Full Circle by Pamela Freeman

I told you last month that you’d see a review of Full Circle sooner rather than later. And here it is.

The thing about good endings is that all that you’ve read up to now becomes clear. This is one of those endings. Not only does bring about the stand-off between Acton’s people with the ghosts of the Travellers raised by the stone-caster Saker.  But also twists the battle and shows the events in a new light.

In fact one of the main themes of The Castings Trilogy is to show that what see in people isn’t always the whole story. And in the case of the Domains the whole basis of their society is based on a lie as revealed in Deep Water.

With the ghost of Acton raised the gods have told Bramble to take him to Sanctuary and along the way he spreads the message of his return. But that is only a minor part of the resolution of this story. It comes mostly in decisions of other characters we’ve been following like Leof, Sorn and Martine and their timings make sure decisions they are surprising I found myself giving a little cheer in some cases.

Other themes here are blood and memory and it’s a refrain that’s echoed every time Saker raises his army. It fuels them with hate. The worrying niggle has always been how do you resolve a story with ghosts that can’t be killed? And as Bramble and crew point out if you kill Saker someone else will just take his place.

This is especially true when Thegan, the main warlord of the tale, decides to use the Travellers as hostages to protect his town against the ghosts and others follow his lead. There is a good use of conflicting ideologies as those towns that work in harmony with the Travellers get different response from the ghosts than Thegan does.

Going back to the resolution Freeman gives  another bigger picture above and beyond Acton’s people and the Travellers and shows why the gods are so interested in the outcome of these events and the importance that the conflict ends in the write way.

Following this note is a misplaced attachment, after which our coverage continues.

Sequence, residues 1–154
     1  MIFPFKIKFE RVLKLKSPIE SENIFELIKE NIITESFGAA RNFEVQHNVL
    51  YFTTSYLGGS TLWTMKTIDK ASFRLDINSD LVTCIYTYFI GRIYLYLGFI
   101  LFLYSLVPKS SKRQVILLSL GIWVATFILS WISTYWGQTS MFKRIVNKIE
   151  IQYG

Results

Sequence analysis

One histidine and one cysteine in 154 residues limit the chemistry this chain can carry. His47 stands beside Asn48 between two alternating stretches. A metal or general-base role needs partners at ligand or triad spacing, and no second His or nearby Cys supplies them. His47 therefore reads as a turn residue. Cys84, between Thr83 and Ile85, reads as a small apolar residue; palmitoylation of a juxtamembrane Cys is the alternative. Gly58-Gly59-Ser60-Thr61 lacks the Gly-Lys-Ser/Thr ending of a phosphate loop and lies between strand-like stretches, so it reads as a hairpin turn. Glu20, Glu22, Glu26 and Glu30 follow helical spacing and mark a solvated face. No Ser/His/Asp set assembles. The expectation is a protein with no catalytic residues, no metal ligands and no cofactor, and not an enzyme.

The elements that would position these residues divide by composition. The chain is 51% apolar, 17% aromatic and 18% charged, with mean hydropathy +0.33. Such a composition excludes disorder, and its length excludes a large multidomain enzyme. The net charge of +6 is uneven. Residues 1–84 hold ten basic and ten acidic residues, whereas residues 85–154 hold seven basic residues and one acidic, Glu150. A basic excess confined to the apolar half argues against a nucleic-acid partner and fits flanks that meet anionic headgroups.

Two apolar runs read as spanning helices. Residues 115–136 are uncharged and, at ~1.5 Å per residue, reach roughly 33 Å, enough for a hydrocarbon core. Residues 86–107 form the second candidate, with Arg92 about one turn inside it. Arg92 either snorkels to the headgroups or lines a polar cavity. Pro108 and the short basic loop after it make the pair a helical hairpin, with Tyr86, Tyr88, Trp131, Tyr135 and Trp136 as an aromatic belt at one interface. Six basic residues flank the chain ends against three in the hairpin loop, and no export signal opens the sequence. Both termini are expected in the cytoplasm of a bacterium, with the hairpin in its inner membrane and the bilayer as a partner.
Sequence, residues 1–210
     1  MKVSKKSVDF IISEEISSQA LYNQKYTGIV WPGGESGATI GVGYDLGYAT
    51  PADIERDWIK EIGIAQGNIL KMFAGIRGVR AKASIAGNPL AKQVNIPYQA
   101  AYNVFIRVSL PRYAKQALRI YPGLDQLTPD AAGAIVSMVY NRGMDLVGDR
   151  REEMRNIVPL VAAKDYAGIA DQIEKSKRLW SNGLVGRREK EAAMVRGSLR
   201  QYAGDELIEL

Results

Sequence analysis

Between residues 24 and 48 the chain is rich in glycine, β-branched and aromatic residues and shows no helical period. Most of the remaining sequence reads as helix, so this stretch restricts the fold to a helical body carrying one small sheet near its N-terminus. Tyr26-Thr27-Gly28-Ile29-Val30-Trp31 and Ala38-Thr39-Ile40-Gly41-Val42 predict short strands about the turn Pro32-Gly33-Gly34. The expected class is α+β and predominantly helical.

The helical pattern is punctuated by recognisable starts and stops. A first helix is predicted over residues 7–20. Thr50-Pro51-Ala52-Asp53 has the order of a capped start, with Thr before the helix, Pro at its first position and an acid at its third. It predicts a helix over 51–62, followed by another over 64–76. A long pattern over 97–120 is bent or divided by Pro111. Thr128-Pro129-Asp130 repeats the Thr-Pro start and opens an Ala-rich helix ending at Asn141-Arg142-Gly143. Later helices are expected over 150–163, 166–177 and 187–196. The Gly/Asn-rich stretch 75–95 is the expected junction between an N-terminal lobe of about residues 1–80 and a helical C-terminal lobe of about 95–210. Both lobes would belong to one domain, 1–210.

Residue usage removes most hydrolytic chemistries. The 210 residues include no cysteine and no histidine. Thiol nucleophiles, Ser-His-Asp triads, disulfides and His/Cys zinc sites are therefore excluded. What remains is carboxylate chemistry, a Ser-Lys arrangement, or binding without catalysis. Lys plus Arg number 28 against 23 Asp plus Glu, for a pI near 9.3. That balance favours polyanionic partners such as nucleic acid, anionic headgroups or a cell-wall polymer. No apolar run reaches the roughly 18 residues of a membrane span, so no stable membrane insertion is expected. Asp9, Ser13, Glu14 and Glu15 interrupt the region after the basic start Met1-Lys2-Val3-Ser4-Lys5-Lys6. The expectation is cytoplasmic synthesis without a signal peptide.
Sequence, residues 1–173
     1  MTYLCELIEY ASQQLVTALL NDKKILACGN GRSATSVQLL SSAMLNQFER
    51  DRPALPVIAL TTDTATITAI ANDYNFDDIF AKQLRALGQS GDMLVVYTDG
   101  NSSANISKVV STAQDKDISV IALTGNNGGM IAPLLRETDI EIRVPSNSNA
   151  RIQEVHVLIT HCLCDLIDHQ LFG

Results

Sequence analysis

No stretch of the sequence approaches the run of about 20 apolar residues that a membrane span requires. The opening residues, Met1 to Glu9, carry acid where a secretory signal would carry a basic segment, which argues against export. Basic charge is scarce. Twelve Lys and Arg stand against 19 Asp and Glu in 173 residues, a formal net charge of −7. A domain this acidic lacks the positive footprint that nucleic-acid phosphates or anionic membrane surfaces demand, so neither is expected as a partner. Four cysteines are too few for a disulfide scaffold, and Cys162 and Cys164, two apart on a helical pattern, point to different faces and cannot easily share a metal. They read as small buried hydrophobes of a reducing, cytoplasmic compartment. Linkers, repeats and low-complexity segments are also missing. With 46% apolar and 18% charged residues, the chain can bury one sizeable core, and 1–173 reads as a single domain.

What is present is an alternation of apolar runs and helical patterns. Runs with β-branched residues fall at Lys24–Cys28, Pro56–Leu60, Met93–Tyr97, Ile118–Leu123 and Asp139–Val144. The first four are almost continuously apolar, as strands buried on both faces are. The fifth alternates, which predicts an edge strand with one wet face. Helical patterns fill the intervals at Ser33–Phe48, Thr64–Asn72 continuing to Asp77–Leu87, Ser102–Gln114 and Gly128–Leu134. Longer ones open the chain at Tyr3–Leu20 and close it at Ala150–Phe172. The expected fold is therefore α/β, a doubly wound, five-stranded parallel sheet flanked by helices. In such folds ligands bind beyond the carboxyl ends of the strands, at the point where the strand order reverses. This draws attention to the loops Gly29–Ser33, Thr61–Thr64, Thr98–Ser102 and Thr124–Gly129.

Without  that context the trilogy could have ended differently but less successfully. Freeman makes you question things as she’s done all along by filling out the lives of those minor incidental characters like the woman that will regret her beauty for ever more.

It’s not a happy ending in some sense but it is right and the different threads have been tied off though frayed and loose in some cases. I’d happily read it again from the beginning with fresh eyes to see all the clever twists and hints Freeman laid along the way.

Review: Changes by Jim Butcher (Orbit)


Review in a sentence:

I didn’t like Changes because I have to wait until July for the next one, Ghost Story.

If you’ve never read any of the Dresden Files novels before this might not be the right place to start. Even after eleven books it’s a great series and well worth the effort to start at the beginning and catch up. If you’ve read the series so far the opening line might shock you.

‘I answered the phone, and Susan Rodriguez said, ‘They’ve taken our daughter.’

Jim Butcher in that opening line instantly changes the dynamics of the series. Why?

Wizard Harry Dresden is a force of nature but even when he’s being a hero, doing what he believes is right, he’s not acting to save his child, so is moderately restrained. But this takes things to a completely different level; how are he is prepared to go to save her. The restraints are well and truly off.

But this isn’t the only alteration to the status quo and in that respect Changes lives up to its title. Some things are subtle like seeing Mouse in a different light (blue as it happens) to bigger things like the deals that Harry makes to get enough power in order to be tooled up when he faces up to what might as well be the entire Red Court of vampires.

What’s great about Jim Butcher is that not only does he move events along at a pace (I read Changes over three days, which is fast for me) but he’s also been setting up these events practically since the beginning either consciously or subconsciously. So in essence you get a double pay off. You get an immersive read and lots of payoffs for loyalty to the series.